Would you object to the comments pointing this out? Would you say they're blaming the person who died? Or would you just say that they're contextualizing a very important piece of information that the news is overlooking to sensationalize its story.

The answer being sought is just how deadly is this virus? Knowing that helps everyone plan, and thus far, mortality rates haven't been very high at all except in very vulnerable populations.

However, should the virus mutate, or otherwise start posing a larger problem to the general public, the calculus of just how under-prepared are we radically changes.

It has nothing to do with blame and everything to do with dealing with the reality of the pandemic. Are we facing an extremely contagious flu, or are we facing an extremely contagious 1918 / Spanish flu? There is a pretty serious difference between the two in terms of preparedness needed.

A mortality rate of 2-3% is "very high". And it's not just "very vulnerable populations". I'm 55, in generally good shape, but I have (medically controlled) hypertension. So my odds of dying are like 5%.

My daughter is 26, and winds up in the ER once a year or so for asthma. What are her odds? My mother is 78, has had open heart surgery, and is overweight and gets almost no exercise. I'm more or less assuming I will never see her again.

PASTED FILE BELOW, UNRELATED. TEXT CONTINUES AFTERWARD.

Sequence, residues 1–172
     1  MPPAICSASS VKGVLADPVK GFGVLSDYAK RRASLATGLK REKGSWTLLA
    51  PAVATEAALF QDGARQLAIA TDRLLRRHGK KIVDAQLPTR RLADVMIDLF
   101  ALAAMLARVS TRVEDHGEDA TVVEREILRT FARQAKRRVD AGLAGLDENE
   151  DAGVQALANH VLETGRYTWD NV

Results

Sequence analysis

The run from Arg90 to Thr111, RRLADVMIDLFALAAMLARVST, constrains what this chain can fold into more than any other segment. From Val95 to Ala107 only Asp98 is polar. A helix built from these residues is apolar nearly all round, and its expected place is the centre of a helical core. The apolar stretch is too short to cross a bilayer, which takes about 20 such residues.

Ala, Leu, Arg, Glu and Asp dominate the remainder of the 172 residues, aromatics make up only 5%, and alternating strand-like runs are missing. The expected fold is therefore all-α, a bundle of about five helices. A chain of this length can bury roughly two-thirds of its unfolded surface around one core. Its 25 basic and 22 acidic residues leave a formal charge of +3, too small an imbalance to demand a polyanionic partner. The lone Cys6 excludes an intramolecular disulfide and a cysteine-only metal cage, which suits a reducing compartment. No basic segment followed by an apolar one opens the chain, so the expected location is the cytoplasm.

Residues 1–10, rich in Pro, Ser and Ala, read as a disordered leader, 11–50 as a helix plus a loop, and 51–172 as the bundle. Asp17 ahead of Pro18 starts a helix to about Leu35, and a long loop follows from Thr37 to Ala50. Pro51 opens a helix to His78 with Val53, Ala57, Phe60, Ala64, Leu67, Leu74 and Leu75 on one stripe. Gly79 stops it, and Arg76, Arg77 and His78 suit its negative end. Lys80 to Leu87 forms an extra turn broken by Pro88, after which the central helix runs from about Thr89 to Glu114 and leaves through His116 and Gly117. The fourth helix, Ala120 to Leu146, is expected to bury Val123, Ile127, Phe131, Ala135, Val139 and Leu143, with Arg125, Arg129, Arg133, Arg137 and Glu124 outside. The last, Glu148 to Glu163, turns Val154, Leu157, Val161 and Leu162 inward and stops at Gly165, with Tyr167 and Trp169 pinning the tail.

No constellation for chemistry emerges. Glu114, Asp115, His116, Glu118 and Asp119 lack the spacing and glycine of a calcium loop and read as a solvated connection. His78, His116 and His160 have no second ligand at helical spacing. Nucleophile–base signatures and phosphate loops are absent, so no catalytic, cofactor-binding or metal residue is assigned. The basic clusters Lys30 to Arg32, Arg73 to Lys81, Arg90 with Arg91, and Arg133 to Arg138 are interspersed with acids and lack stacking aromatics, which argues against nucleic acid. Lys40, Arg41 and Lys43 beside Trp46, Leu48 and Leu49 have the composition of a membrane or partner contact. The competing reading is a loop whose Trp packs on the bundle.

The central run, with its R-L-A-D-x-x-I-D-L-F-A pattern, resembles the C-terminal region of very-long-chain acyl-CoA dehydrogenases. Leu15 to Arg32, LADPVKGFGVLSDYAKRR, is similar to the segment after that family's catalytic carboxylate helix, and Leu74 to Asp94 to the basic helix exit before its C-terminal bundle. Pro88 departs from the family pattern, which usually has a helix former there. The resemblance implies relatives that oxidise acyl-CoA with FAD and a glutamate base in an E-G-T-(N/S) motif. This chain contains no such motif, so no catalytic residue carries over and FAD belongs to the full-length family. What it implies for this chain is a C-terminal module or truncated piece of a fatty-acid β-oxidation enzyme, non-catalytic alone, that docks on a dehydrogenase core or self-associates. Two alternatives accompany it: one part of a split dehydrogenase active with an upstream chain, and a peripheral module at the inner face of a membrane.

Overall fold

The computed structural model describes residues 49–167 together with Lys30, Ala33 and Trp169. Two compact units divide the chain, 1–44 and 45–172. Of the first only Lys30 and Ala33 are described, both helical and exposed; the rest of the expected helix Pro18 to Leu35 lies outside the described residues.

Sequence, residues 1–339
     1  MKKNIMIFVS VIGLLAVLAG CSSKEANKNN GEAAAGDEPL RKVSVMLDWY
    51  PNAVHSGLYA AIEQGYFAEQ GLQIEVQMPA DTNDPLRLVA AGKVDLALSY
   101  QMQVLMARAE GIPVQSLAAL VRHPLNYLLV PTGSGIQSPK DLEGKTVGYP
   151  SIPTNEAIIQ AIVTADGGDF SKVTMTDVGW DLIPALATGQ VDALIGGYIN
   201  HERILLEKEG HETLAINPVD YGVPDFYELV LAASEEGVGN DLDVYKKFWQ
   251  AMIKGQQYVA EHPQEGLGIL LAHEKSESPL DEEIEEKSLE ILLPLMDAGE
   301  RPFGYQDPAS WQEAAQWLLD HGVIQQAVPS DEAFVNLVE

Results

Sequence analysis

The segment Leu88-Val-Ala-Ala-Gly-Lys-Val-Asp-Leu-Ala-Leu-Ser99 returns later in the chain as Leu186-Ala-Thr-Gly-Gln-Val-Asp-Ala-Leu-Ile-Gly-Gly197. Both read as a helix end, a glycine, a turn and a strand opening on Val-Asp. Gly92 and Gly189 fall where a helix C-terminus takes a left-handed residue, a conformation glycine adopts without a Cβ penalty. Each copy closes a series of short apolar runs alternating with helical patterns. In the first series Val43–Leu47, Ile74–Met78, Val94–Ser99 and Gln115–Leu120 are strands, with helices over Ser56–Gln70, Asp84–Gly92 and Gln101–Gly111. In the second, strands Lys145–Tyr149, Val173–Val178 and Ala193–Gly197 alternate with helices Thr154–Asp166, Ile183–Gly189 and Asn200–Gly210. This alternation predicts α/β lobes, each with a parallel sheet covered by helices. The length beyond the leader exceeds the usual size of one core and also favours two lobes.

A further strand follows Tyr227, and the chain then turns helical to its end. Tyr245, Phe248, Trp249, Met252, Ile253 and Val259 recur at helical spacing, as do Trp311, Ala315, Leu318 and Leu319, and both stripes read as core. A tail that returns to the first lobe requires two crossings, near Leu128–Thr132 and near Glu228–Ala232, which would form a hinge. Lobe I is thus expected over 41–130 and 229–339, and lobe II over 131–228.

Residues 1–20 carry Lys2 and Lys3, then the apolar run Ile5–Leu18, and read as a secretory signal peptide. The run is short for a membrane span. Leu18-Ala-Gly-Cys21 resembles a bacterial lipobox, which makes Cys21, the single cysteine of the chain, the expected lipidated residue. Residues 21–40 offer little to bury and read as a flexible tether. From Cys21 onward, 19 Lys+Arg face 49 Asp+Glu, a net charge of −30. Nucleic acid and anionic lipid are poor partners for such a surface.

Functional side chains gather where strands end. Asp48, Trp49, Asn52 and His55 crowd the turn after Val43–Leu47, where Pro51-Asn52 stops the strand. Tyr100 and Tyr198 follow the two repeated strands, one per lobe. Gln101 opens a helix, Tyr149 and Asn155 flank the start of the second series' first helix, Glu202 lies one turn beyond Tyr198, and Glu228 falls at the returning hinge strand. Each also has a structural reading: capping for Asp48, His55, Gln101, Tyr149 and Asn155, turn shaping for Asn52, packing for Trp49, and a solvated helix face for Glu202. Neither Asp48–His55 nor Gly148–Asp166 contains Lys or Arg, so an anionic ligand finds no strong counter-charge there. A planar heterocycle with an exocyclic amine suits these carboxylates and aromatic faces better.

"Mortality rates haven't been very high at all" is easy to say when you're not in any way vulnerable.

The question wasn't "are vulnerable people vulnerable" it was "why is there a focus on whether a person might have had another condition?". The answer potentially changes the extent to which our hospital systems are inadequate to treat patients.

Keep in mind that 2-5% is likely way overblown given how little testing has been done. Unless I am misinformed, the Diamond Princess cruise that had been infected and quarantined had a fatality rate under 1%, and that presumably had a more vulnerable population. A more realistic mortality rate is well below 1% https://www.statnews.com/2020/03/17/a-fiasco-in-the-making-a...

In either case, I am actually more vulnerable than the standard healthy young adult, and it is very easy to say that mortality rates havent been high, especially in the context of a discussion over whether the virus might be mutating to become even more deadly than it already is.

If you want to play pedantic with the numbers, you need to be a lot more aggressive with the whys. Italy currently has a 7.2% mortality rate, but... they believe they are undercounting fatalities due to the virus, because the medical system is overwhelmed and many are dying without seeing doctors or being tested/treated.